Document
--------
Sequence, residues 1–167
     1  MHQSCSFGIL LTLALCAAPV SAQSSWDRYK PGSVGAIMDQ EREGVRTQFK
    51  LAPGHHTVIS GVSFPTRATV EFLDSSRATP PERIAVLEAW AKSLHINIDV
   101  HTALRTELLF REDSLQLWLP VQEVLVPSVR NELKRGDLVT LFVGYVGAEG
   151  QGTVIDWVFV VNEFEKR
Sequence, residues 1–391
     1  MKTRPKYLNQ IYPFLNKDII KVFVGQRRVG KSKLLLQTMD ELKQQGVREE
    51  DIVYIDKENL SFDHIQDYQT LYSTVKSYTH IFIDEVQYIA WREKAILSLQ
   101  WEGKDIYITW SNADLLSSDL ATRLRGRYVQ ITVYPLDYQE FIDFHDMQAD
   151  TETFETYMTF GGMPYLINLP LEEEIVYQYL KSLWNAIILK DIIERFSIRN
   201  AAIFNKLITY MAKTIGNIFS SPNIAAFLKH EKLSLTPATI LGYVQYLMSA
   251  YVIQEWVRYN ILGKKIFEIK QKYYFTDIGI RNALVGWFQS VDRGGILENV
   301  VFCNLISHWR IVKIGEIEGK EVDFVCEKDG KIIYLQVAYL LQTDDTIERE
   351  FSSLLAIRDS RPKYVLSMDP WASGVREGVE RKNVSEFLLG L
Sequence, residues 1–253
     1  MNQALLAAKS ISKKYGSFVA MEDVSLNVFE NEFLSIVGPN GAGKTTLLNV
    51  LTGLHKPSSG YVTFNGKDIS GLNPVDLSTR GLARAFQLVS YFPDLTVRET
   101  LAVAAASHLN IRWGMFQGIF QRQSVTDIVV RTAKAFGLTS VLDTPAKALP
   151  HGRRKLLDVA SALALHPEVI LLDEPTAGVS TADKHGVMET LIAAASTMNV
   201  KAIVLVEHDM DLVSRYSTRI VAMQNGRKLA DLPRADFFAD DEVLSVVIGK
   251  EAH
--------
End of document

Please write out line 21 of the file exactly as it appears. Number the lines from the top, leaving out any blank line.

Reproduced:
   251  EAH